Sample preparation

Sample Preparation Protocols and Requirements

LIBRARY PREPARATION TYPEINPUT MATERIALMIN AMOUNTVOLUME
TruSeq Nano DNA
(standard DNA sample prep)
gDNA 200 ngUp to 50 μl
Nextera XT
(small genomes and amplicons*)
gDNA of small genomes/ amplicons5 ng Up to 10 μl
Exome SequencinggDNA1 μg**Up to 50 μl
ChIP-SeqChIP DNA20 ngUp to 50 μl
TruSeq RNA
(standard RNA sample prep)
Total RNA/mRNA1 μgUp to 50 μl
ScriptSeq complete
(Stranded RNA sample prep with ribosomal depletion)
Total RNA1 μgUp to 50 μl
CEL-SeqaRNAPlease contact usPlease contact us
SMARTer and SMART-Seq sample prepsTotal RNA/mRNAPlease contact usPlease contact us

*For amplicon sequencing please contact us. Amplicons will be accepted only following DNA purification.
**For low input protocol, please contact us.

Sample quality requirements:

Genomic DNA should be intact. If your DNA sample is degraded please contact us to coordinate suitable sample prep.
RNA integrity must be confirmed using the Agilent Bioanalyzer/ TapeStation/ similar instrument, or by running the sample on an agarose gel.
Sample purity:
OD260/280 = 1.8-2.2
OD260/230 ≥ 2.0

Please note that the user is responsible for the sample’s quality.

Library Preparation

Library preparation is the process by which an initial sample, typically genomic DNA or total RNA, is processed to become a library ready for sequencing.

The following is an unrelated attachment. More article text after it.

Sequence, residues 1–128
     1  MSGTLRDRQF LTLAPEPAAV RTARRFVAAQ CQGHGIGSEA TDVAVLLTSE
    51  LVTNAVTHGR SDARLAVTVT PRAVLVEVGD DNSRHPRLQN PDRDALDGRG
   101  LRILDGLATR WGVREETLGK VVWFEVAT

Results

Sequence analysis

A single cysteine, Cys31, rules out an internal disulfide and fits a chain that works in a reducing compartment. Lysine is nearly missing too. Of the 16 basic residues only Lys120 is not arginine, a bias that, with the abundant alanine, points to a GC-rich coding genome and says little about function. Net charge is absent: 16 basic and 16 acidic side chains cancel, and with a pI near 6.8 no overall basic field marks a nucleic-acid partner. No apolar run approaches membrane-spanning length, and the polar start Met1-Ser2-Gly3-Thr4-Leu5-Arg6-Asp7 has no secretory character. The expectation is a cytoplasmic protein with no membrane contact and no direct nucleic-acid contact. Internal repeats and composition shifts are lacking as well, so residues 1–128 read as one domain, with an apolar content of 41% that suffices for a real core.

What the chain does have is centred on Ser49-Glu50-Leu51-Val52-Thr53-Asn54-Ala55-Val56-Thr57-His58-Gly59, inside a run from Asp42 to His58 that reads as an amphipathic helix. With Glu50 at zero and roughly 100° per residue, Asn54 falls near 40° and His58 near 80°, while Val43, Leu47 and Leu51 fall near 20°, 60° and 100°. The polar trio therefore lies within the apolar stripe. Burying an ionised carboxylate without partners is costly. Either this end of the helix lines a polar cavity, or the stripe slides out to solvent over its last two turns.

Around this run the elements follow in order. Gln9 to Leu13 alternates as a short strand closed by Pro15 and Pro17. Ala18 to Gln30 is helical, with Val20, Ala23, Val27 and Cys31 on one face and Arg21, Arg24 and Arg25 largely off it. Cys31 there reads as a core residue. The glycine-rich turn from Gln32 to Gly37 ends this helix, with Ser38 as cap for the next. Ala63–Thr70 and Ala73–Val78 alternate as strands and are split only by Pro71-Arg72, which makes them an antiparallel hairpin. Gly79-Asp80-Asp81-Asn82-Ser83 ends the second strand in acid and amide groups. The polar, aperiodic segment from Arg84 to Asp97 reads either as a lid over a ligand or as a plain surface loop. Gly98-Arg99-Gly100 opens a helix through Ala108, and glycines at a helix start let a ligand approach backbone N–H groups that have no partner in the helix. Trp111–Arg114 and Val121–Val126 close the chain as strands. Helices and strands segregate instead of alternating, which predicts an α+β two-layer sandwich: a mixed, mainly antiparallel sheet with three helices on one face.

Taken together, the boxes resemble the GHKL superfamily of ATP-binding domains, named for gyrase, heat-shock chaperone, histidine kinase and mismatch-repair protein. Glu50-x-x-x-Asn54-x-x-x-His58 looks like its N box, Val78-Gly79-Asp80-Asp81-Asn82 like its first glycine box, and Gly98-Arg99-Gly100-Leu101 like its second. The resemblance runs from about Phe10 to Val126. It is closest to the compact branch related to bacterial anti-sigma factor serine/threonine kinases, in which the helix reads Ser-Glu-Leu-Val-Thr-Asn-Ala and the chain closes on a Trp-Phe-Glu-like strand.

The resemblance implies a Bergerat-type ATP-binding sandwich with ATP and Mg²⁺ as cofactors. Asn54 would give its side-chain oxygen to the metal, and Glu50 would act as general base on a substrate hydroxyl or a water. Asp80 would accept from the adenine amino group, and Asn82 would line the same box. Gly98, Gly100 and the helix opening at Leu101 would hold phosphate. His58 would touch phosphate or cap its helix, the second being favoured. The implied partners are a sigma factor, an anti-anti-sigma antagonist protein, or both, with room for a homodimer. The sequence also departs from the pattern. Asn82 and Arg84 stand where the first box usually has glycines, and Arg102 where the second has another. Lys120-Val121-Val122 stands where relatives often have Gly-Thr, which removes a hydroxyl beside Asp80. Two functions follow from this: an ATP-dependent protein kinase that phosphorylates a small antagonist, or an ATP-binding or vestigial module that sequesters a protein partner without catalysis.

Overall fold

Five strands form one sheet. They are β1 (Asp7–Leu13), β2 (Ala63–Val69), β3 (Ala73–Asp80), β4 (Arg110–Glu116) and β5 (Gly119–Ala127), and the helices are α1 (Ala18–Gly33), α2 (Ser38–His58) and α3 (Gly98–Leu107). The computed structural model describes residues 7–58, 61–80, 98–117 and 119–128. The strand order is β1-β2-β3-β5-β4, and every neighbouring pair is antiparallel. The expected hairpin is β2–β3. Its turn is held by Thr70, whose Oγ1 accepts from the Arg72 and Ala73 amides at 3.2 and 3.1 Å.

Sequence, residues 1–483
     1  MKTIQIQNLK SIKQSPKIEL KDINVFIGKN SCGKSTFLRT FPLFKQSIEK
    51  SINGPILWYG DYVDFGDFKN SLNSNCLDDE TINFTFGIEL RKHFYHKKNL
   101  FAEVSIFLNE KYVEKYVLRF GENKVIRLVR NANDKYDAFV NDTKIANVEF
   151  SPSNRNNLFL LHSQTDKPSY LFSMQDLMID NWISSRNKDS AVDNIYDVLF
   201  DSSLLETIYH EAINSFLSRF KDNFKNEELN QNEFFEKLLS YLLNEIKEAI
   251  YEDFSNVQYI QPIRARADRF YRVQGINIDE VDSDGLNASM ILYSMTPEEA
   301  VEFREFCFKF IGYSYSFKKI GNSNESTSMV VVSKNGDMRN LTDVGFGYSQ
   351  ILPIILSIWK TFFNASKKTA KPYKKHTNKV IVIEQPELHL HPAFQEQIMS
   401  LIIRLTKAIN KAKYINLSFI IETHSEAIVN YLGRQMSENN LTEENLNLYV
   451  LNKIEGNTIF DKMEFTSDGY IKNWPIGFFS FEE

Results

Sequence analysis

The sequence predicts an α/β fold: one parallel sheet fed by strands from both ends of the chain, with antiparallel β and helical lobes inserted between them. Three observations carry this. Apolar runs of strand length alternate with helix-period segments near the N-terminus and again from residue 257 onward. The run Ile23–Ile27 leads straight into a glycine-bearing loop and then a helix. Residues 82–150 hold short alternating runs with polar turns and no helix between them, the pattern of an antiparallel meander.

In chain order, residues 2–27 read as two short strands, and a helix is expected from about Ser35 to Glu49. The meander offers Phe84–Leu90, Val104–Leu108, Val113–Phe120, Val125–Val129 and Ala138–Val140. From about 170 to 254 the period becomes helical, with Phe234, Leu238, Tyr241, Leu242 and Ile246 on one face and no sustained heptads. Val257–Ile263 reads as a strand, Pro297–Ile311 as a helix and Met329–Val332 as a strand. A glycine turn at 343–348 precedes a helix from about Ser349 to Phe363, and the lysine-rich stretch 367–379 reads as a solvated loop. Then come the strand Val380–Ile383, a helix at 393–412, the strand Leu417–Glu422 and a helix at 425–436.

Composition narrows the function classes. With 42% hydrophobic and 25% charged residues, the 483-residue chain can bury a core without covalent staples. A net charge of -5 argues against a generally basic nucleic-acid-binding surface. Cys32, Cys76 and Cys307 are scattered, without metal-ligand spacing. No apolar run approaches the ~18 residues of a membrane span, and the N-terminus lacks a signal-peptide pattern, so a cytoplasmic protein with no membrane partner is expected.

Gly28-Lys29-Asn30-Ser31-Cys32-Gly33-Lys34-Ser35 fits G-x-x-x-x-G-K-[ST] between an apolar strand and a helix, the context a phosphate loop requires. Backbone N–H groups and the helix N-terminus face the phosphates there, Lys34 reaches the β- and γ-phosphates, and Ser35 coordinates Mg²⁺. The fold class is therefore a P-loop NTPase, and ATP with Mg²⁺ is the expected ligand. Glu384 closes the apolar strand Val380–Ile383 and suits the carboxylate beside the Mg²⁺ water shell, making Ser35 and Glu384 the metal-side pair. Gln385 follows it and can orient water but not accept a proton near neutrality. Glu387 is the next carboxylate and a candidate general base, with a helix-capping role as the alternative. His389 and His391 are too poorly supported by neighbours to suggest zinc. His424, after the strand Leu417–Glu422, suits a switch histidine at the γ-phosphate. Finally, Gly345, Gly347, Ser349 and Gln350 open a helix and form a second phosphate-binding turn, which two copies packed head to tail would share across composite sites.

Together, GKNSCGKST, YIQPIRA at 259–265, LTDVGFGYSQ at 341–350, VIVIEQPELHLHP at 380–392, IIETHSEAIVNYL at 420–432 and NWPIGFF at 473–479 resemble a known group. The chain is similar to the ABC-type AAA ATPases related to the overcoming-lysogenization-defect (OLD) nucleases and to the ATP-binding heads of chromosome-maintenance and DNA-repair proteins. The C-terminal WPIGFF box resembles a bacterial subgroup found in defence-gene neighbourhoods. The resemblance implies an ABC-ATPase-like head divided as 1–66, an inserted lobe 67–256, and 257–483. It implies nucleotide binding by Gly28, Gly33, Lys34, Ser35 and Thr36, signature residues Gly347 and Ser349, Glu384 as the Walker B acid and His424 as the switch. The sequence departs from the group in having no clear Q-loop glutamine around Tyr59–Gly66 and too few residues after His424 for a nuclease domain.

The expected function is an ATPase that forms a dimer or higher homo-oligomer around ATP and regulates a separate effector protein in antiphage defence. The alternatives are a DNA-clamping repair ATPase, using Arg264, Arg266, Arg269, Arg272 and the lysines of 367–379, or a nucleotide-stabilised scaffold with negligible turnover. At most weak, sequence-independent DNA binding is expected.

In general, DNA is sheared randomly, creating blunt- end fragments. Blunt ends are then adenylated in preparation for adaptor ligation. Adaptors contain sample-specific indexes to individually tag each sample. Size-specific magnetic beads are used for fragment size selection. Enrichment of adaptor-bound inserts is then achieved by PCR amplification, thereby enabling sample quantification for loading onto the sequencer. Samples prepared from RNA are usually subjected to poly-A selection in order to select for mRNA specifically to be prepared for sequencing. RNA is fragmented, reverse transcribed to cDNA, and then undergoes a similar process to that of DNA sample preparations.

The adaptors that were ligated to fragments during sample preparation hybridize to the flowcell on which they are sequenced. These adaptors contain a unique 6-8bp sequence, known as an “index” or “barcode”, essentially “tagging” each individual sample and enabling for multiple samples to be sequenced together in a pool. Because index sequences are unique, individual samples are then able to be identified according to their assigned index during bioinformatic analyses.